TAPAS, or skillful application of wise action (and inaction), is the practice of intention in action. It is also defined as heat or the process of purification and it makes up the bulk of Isabella’s menu downtown 😊 Not the same (different language), and yet when I eat at Isabella’s I have to practice a lot of discipline and self-control! LOL!

Tapas based service is dependent on understanding of
1) what we have to share/offer and
2) what would be a benefit to those with whom we intend to share.

In other words, giving something that isn’t needed may be more of a burden for the receiver than it is a gift just as withholding something that would be beneficial might be defined as selfish or even harmful to the other. I see this conundrum a lot with giving and receiving feedback. Sharing feedback is an earned privilege but one I fear we have not learned how to do well from either perspective (giver or receiver). However, I think we can agree that feedback is best when it arises from love and well-wishing for the recipient.

What do we share?

  1. We share what we have in abundance. Abundance… there’s that word again. Every time I say or hear the word abundance, I expand with its energy. Abundance is a mindset even more than it is a measurement for our possessions or bank accounts.
  2. We share what we no longer need. This is not permission to dump our trash at the local Charity, but rather to consider that which doesn’t serve us could still be of benefit to someone else.
  3. We share what is ours alone to share/give. We don’t give away someone else’s stuff or promise someone else’s time, energy, talent or resources.

How do we share?

As an extension of Patanjali’s yoga principles, we give according to our values and our understanding of those values in action. In a nutshell, perhaps, we share freely and with love which is easier when we share according to the list above. We share that which benefits the recipient while NOT causing harm to ourselves or an unintended other. For example:

Patanjali’s Yamas and Niyamas as they relate to Seva

  1. Ahimsa (non-harming): a gift that enhances without deterring vitality and wellness.
  2. Satya (truth): a gift that reflects our best self in integrity and honesty.
  3. Asteya (non-stealing): a gift that is ours to give and does not result from any form of theft or unfair advantage.
  4. Brahmacharya (energy management): a gift that exemplifies wise application of our energy in terms of its impact and consequence.
  5. Aparigraha (non-possessiveness): a gift that is freely given.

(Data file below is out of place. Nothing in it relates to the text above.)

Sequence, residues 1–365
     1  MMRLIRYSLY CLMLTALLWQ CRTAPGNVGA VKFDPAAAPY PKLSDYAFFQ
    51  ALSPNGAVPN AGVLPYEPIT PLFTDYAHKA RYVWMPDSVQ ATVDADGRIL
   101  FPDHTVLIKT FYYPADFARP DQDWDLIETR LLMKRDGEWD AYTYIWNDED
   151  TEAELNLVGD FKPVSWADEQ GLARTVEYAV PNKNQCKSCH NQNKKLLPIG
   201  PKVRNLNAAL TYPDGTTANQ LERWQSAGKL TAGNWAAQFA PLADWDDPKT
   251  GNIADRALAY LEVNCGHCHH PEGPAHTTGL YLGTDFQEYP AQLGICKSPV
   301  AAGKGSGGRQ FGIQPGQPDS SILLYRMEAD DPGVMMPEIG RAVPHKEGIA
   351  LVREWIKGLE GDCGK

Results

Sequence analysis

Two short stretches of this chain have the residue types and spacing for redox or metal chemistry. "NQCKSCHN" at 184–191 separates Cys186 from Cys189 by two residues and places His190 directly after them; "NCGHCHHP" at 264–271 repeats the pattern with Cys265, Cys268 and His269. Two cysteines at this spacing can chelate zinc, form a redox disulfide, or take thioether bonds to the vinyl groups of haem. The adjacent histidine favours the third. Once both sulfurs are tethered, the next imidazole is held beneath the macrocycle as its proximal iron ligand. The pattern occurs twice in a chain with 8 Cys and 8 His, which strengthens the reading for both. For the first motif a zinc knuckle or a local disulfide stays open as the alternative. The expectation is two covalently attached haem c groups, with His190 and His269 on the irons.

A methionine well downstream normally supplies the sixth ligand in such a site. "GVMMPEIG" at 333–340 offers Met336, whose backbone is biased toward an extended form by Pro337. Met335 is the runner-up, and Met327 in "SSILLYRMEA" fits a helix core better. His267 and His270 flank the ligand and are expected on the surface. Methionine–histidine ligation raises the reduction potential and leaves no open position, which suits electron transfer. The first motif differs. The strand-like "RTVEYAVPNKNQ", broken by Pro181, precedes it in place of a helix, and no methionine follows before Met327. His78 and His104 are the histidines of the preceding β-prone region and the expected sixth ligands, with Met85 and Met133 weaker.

6. Suacha (cleanliness): a gift that is free from burden, obligation, expectation or ill will.
  7. Santosha (contentment): a gift that establishes and affirms enough-ness in the world.
  8. Tapas (wise action): a gift that requires effort and opportunity to purify ourselves in the act of service.
  9. Svadhyaya (self-study): a gift of sharing wisdom or truth that we have acquired through study and reflection.
  10. Ishvara Pranidhana (surrender): a gift that allows another to let go of performing and perfecting in order to be worthy of another’s love or attention.

In my opinion, the BEST GIFT is your attention… whether it’s listening to my stories, reading my newsletter love notes, cleaning the yoga mats, or showing up to practice. One last thought, to be of service is often interpreted as being LAST to receive. However, if we are to practice yoga, being first does not equate greater value but rather a primary objective. A primary objective like breathing is what makes the secondary objectives like service to others available. If the primary task/intention is NOT completed first, the need cannot be filled through service.

If you chose to practice Seva (service), my suggestion to you (and request of you) is to first serve yourself… then those who need you and those whom you need. What’s left over can be shared with others beyond these closest circles according to your balance of energy, time, resources. You’ve heard it before: one cannot give from an empty cup. That’s why we put our own face masks on BEFORE assisting those around us. In other words, we cannot help others if we don’t breath and ensure our own breath first.

If these concepts are new to you, don’t fret… stick with what makes sense and practice them.Let your understanding grow as your attention grows as you notice how these ideas show up in your daily living.😊